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Last Rites - Ray Archer

Last Rites - Ray Archer

Ray Archer doesn’t need much introduction. If you are involved in the industry, you know him, use him or have at some point used some of his pin sharp images from the Grand Prix or British Championships. A well-respected photographer, Ray has worked for pretty much every motocross related magazine or paper publication over the years in the UK, and a whole lot more abroad. If you don’t know his name, you’ll recognise him at the races as ‘that dude with the massive lenses’. I talked to Ray after the rare British Championship round up North at Whitby.

MOTO: Hi Ray, what was it like to have a local meeting up North for once, OK, nearly local?

RAY: It was good, mind you, it was still 80 miles South of Newcastle and one and a half hours drive. There are a lot of nice tracks in the North East and even more in Scotland but I think that because the majority of championships or big races are based in the South, people just don’t want to travel north.

Has a jaunt down the motorway, a flight or ferry crossing been a natural part of going to the races for you?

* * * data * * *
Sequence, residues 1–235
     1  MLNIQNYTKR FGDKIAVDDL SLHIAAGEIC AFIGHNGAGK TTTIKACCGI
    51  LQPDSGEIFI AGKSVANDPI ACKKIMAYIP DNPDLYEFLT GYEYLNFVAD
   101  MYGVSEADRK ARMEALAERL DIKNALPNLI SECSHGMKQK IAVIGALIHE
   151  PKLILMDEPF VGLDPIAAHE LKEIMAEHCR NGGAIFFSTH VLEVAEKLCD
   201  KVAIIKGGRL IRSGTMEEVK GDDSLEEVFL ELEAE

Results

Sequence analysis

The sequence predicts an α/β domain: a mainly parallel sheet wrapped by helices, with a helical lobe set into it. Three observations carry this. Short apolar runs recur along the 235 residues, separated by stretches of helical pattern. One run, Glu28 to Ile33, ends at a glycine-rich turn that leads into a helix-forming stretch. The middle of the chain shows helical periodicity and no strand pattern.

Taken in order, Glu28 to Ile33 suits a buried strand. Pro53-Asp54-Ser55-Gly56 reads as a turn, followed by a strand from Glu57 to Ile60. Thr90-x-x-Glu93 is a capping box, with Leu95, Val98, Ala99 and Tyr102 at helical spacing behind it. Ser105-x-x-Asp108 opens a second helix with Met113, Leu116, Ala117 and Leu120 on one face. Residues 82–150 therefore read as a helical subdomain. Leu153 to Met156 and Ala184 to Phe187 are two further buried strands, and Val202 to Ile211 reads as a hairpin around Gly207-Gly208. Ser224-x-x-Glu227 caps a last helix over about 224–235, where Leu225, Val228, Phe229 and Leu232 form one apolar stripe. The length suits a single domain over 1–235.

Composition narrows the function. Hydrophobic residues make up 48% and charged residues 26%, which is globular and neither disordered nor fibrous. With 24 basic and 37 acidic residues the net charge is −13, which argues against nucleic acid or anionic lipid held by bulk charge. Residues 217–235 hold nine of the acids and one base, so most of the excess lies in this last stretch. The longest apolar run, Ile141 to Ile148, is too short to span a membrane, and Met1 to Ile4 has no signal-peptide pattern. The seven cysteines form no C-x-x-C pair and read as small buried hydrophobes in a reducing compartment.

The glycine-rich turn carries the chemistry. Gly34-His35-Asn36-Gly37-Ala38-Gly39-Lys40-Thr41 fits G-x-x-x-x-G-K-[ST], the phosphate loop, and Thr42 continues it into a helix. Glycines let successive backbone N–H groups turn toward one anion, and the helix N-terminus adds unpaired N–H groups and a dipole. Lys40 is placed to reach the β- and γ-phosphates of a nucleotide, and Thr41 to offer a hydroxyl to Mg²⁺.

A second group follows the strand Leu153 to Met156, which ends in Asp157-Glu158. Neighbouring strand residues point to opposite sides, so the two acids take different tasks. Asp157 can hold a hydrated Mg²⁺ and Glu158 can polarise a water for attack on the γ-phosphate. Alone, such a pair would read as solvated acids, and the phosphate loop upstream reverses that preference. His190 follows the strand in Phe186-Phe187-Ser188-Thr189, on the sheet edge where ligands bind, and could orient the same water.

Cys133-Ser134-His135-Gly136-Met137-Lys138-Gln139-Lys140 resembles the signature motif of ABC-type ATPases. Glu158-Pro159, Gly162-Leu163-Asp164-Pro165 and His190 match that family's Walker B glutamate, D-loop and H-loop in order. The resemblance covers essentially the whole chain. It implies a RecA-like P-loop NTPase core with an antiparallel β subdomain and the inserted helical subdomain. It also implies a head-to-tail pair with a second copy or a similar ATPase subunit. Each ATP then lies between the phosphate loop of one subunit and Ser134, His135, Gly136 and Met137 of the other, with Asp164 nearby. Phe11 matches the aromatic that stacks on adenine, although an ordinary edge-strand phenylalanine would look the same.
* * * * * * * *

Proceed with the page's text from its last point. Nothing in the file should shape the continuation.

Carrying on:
It’s part of the job, I probably fly forty times a year and drive the rest. I’ll do around 37 overseas races a year and that’s not to mention the mid week work where I might fly to Amsterdam or Belgium for the day. Whenever I get pissed off with driving back I always think of Willy Simpson, sometimes I’d follow him up the M6 and we would get to Carlisle and I’d cut across to Newcastle and he’s still got another three hours to go to get to Dundee, every week, I never hear Sean Simpson moan about it, it’s all those guys like Flockhart and Scott Gardner that I really admire and you’ve got to take your hat off to them.

You prefer to fly then?

It’s so easy, it’s actually a chore to go to somewhere like the Isle of Wight (IOW) I can understand why some people don’t want to go there. To me it’s a first class track but to have to get a ferry to a race is bit of a hassle. For me, to get a flight to Amsterdam, Los Angeles or even Japan isn’t a problem and I accept that is where I make money but the British championships, sometimes I think I could really do with out it, and if I’m thinking that and that’s part of my job, what chance have we got of getting the public there. It turns out being expensive especially for the foreigner that has to pay to get the ferry from Calais to Dover then a ferry over to the IOW and the same back again, and as for me it took the best part of eight and a half hours to drive there.